10 Incredible Acts of Heroism

In 1998, two train conductors in Indiana spotted a two-year-old girl on the tracks. They put on the brakes, but there wasn’t enough time to stop. So one of them climbed onto the front of the train and kicked her out of the way.



By putting on the brakes, the conductors were able to slow the train to 10 mph. The conductor who climbed on the front of the train considered jumping off to sprint ahead of the train and grab her, but he would’ve had to stay ahead of it while running on an inclined, gravel bed. So instead, he lowered himself onto the snow guard at the very tip of the train. As they approached, the girl rolled off the rail onto the rock-covered edge of the tracks, but she was still close enough to get hit by the train. So the conductor kicked her, and then jumped off to check on her. He wasn’t sure if he had successfully gotten her out of the way. But he had — the kick had knocked her down an embankment.

He ran and scooped her up. She was bleeding from a cut on her head and had bumped her lip, but that was all. When paramedics arrived and tried to take the girl from the conductor, she clung to his shirt and didn’t want to let go.

In 2013, a 14-year-old boy in Michigan saved an abduction victim who was being chased by her kidnapper. The boy hid her in his house and stood guard with a hunting knife while the kidnapper tried to get in.



The 14-year-old boy’s name is James Persyn III. He was home with his two younger siblings, ages 11 and two when he heard banging at the front door and a woman screaming to be let inside. He opened the door to see a woman with clear, packing tape wrapped around her with bruises on her face and a broken arm.

The woman was a college senior who had been abducted from the school parking lot by a 30-year-old ex-convict named Eric Ramsey. Ramsey had taken the woman to his mother’s house, bound her in tape, and raped her. He then put her in his car, and while driving told her he was going to kill her. She jumped out of the moving car and ran to a house. When James opened the door, she explained someone was trying to kill her, and then Ramsey pulled into the driveway.

James locked all the doors and took the woman, his siblings, and the family dog to hide in the bathroom. He grabbed a hunting knife he had recently got as a Christmas gift. The woman called 911, and James called his father.

Ramsey was banging on the front door and shouting “Let me in or I’ll kill you.” After a while, he gave up and decided to burn down the house. He poured gas around the base of the house, lit it, and left. The father got there while the fire was still manageable and put it out. The police arrived shortly thereafter.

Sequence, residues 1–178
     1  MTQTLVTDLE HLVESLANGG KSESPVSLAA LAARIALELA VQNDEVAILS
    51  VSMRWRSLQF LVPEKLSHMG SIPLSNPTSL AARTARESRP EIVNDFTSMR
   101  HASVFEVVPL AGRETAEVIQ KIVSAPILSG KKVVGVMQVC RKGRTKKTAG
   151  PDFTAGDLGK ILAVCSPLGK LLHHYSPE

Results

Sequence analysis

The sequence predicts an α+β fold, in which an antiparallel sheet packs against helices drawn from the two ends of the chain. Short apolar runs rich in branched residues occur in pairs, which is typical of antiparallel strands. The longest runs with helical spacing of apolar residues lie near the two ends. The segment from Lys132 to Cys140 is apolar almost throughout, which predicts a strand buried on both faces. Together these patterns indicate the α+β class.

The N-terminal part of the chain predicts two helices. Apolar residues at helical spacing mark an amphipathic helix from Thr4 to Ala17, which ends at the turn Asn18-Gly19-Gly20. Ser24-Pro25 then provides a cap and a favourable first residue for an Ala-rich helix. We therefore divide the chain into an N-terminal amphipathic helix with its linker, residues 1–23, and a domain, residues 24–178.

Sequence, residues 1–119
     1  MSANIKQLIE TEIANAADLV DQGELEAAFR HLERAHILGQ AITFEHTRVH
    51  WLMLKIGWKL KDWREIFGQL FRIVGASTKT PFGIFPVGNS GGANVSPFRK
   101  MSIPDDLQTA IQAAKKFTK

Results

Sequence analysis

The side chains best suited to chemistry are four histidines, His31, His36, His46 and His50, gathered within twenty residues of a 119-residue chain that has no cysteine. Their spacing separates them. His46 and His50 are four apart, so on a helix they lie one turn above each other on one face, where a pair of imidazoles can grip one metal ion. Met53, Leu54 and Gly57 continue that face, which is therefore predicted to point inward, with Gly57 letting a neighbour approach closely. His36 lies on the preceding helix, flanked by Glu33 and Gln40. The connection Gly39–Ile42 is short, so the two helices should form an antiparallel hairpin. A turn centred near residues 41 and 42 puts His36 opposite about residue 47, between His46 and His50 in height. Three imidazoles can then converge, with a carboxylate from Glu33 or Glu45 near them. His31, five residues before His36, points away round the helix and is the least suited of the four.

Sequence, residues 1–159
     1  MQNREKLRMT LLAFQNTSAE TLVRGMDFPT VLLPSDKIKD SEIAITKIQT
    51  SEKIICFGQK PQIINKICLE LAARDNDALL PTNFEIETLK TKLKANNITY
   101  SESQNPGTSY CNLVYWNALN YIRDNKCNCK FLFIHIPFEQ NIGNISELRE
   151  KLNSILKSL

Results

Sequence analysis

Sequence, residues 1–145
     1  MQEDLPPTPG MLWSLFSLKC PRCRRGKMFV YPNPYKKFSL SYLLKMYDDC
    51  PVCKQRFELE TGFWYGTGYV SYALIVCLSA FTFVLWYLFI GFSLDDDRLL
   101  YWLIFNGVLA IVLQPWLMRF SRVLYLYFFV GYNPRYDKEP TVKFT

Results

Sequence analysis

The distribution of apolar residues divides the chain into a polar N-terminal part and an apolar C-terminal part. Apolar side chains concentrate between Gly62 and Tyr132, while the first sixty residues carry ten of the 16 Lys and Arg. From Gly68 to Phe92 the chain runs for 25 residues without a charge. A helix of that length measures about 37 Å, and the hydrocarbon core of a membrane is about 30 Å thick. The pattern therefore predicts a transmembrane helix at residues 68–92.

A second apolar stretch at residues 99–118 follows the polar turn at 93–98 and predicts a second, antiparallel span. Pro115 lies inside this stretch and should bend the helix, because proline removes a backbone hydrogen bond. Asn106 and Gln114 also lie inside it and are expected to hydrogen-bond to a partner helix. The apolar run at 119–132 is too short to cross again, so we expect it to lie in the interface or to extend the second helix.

Some prison inmates in California sign up to fight wildfires, at times risking their lives for less than $2 an hour.



There are about 4,000 inmates in California’s firefighter program. To join the program, inmates have to pass a fitness test and then are given as little as three weeks of training instead of the three-year apprenticeship that firefighters typically go through. Although they only make $2 an hour, the pay is still better than other jobs available in prison which typically pay between eight cents and 95 cents per hour.

But some of the inmates say they would do it for free just for the experience and the feeling it gives them. “It feels good, when you see kids with signs saying, ‘Thank you for saving my house, thank you for saving my dog.’ It feels good that you saved somebody’s home, you know?”

Several inmates have died fighting fires. In 2016, a 22-year-old female prisoner died with less than two months left on her sentence.

In 2014, a 15-year-old in Pakistan named Aitazaz Hassan tackled a suicide bomber. The bomber then set off his bomb. Hassan prevented the bomber from reaching a high school with more than 1,000 students.



Hassan was running late for school that day and was on his way there with two friends. Then a stranger wearing a school uniform stopped them and asked directions to the school. This made the boys suspicious. They lived in Hangu, a troubled district of Pakistan that has been hit hard by terrorist attacks.